Word of the Day : June 20, 2011


adjective RIT-see


1 : being, characteristic of, or befitting a snob : snobbish

2 : impressively or ostentatiously fancy or stylish : fashionable, posh

Did You Know?

César Ritz (1850-1918) earned worldwide renown for the luxurious hotels bearing his name opened in London and Paris. (The Ritz-Carlton hotel company is a contemporary descendant of these enterprises.) Although they were by no means the first to cater to high-end clients, Ritz’s hotels quickly earned reputations as symbols of opulence. F. Scott Fitzgerald, a writer who often focused on the fashionably wealthy, titled one of his short stories "The Diamond as Big as the Ritz," and the phrase "to put on the ritz" means "to indulge in ostentatious display." The adjective "ritzy," describing either something fancy or stylish or the haughty attitudes of the wealthy elite, first checked into the English language in 1920.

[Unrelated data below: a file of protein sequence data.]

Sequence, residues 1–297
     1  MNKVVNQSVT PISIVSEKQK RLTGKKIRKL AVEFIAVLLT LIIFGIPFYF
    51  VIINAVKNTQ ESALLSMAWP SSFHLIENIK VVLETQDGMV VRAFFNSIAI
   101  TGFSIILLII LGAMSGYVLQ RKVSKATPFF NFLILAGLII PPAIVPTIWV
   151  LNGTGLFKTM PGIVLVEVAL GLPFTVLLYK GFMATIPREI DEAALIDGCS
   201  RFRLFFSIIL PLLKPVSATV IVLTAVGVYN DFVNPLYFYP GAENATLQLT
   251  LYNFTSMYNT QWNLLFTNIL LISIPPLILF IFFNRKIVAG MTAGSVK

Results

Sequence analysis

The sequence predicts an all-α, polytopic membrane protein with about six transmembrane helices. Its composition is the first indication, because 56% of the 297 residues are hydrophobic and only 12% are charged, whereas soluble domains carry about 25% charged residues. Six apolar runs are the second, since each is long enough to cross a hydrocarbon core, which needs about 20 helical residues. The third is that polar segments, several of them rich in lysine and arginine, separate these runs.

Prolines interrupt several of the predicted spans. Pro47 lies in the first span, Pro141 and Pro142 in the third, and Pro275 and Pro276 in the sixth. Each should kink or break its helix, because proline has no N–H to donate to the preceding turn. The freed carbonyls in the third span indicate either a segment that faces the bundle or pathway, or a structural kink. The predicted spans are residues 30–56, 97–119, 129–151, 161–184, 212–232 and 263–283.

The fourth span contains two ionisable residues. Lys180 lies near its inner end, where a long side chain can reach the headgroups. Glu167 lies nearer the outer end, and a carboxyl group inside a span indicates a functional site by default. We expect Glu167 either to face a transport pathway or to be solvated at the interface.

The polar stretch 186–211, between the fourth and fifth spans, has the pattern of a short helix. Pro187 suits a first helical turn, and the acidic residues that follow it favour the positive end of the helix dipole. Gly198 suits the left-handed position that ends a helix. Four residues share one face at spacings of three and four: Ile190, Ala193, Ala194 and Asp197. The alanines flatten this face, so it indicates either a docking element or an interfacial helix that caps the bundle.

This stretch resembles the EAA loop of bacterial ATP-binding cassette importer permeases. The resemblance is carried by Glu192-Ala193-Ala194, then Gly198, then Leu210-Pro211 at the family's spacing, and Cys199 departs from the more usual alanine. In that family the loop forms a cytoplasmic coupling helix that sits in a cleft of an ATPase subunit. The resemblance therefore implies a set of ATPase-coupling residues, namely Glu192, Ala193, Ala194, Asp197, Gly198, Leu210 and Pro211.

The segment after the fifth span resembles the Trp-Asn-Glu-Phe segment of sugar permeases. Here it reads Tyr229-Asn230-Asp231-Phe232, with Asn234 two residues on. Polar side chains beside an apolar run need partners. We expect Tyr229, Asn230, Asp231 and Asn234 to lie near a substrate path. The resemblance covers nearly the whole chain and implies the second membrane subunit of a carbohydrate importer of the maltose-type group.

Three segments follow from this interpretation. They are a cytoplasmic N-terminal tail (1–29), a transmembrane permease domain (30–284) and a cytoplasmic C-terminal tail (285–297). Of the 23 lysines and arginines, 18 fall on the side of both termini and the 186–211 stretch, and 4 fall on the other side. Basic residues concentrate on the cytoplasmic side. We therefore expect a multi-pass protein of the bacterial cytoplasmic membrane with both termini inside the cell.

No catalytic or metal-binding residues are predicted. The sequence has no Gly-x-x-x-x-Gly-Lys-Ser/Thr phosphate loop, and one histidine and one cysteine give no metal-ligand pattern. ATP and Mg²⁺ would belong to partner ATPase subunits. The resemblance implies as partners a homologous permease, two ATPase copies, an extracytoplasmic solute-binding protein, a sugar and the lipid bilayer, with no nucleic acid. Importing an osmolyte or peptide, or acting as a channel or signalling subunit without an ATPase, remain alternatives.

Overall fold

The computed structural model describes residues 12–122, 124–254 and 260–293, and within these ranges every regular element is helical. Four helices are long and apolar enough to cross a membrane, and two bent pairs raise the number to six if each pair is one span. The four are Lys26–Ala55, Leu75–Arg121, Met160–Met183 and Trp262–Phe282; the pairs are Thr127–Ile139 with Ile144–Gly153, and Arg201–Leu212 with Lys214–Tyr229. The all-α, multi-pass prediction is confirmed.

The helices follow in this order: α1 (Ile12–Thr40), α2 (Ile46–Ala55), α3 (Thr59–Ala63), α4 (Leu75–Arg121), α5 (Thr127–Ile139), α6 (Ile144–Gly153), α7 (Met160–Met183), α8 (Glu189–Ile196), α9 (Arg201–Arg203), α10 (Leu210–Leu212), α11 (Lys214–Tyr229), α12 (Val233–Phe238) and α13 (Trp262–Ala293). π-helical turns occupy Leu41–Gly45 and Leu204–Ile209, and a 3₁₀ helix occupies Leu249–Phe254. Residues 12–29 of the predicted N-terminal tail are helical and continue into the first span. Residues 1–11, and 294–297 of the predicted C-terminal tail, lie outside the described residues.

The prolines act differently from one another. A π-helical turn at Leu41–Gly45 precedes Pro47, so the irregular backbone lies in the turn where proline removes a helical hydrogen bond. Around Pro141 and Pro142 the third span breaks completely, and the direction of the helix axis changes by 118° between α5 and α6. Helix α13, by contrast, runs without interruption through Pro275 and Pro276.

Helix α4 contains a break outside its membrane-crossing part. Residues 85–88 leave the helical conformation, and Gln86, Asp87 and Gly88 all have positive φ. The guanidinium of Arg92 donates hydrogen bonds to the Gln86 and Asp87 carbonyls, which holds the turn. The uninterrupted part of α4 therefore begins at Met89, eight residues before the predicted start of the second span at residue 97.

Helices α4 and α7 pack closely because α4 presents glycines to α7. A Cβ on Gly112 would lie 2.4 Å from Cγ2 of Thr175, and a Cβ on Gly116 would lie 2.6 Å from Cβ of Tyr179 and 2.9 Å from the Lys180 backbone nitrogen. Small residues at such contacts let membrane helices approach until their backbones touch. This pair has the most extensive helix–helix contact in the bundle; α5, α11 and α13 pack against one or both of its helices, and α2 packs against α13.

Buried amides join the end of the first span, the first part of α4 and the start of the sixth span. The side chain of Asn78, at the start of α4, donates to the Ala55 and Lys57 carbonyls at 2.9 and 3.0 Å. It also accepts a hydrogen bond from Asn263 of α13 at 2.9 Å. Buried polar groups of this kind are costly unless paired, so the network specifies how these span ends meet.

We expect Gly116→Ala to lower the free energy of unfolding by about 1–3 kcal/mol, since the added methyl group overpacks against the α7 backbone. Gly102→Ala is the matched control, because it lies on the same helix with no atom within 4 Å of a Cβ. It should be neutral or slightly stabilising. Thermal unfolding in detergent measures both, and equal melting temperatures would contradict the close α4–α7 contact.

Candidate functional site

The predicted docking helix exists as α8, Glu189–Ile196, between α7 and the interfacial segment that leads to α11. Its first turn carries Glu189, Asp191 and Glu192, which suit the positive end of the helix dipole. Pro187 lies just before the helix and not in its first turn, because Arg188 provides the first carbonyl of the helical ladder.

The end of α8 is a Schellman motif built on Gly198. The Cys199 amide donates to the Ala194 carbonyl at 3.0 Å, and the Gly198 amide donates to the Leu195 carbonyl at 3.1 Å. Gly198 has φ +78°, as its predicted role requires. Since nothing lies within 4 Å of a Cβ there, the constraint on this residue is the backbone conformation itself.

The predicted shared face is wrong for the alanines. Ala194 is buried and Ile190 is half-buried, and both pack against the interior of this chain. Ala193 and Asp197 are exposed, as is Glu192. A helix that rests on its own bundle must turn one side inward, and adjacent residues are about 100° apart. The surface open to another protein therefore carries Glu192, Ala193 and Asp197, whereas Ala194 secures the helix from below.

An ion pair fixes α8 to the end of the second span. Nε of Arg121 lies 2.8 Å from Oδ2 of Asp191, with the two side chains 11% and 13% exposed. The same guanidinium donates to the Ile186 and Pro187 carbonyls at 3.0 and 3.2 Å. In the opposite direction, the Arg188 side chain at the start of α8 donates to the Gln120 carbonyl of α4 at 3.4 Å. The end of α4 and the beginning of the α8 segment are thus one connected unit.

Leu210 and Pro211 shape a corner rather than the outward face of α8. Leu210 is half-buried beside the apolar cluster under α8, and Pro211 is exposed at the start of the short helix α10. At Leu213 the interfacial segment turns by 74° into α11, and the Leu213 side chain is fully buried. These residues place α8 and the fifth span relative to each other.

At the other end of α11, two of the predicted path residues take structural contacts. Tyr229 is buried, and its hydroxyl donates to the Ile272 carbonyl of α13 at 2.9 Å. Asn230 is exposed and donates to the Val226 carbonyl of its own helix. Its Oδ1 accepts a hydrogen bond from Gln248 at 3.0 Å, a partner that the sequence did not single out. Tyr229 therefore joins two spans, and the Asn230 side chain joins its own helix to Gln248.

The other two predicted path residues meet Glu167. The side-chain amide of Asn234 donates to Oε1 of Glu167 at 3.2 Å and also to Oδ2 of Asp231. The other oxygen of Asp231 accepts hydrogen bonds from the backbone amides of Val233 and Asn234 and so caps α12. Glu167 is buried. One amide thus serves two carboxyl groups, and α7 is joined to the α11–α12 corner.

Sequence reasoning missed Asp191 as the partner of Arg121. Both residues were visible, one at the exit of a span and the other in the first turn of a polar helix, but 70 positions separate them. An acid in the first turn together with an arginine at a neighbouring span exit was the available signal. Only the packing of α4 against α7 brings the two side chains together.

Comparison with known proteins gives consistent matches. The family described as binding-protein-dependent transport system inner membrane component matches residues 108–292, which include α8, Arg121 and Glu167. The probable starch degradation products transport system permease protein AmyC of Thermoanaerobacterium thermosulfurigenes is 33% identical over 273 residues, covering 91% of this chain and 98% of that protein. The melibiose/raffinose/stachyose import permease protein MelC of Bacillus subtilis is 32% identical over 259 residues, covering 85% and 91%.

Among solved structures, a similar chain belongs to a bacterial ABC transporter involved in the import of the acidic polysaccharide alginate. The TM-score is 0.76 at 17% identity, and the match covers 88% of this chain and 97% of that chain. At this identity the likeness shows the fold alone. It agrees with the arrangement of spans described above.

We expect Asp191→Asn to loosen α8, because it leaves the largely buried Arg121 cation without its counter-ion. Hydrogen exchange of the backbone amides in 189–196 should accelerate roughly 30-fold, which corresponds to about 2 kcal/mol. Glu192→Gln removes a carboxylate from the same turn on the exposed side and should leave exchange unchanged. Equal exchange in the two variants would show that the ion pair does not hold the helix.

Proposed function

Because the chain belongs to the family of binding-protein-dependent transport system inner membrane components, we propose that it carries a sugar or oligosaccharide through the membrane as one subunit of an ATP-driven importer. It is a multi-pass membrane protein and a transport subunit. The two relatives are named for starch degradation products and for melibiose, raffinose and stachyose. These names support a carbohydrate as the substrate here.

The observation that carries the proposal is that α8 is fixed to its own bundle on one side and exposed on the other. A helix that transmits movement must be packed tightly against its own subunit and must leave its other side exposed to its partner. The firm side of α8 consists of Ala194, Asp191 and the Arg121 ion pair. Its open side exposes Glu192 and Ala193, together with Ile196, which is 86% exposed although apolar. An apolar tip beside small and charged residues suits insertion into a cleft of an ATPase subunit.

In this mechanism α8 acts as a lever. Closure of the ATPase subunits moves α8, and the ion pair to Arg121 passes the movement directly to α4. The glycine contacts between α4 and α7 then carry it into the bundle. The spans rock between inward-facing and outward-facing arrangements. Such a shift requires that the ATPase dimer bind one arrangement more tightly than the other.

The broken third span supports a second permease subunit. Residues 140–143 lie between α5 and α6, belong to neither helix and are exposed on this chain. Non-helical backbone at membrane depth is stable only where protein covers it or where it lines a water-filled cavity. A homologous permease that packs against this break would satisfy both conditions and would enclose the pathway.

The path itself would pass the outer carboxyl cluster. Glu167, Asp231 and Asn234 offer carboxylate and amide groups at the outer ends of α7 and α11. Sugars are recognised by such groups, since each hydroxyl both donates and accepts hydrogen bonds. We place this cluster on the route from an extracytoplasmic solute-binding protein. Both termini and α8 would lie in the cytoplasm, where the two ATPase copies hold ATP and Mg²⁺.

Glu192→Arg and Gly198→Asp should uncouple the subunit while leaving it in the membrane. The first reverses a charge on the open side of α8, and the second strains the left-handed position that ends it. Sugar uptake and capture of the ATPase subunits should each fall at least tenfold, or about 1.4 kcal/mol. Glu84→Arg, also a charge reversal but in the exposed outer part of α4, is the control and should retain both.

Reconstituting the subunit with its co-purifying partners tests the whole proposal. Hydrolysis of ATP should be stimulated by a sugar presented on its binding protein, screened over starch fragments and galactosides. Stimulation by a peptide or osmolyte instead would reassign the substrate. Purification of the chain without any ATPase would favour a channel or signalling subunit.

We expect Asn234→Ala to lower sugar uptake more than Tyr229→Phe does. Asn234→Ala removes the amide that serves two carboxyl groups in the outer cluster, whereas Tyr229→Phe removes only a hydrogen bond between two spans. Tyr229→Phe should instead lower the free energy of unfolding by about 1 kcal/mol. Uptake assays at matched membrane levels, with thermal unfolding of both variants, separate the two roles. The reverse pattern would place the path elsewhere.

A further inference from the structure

"That was how Martin saw himself -- as an outsider, a little guy, who was either being dragged back to his lowly roots or scorned by the 'ritzy' people." -- From Richard Bradley’s 2008 book The Greatest Game

"They gathered at the ritzy Palms Place Hotel and Spa on West Flamingo Road in Las Vegas to lounge and swim." -- From an article by Michael McGuire posted June 6, 2011 at examiner.com

Test Your Memory

What is the meaning of "deleterious," our Word of the Day from May 31? The answer is ...


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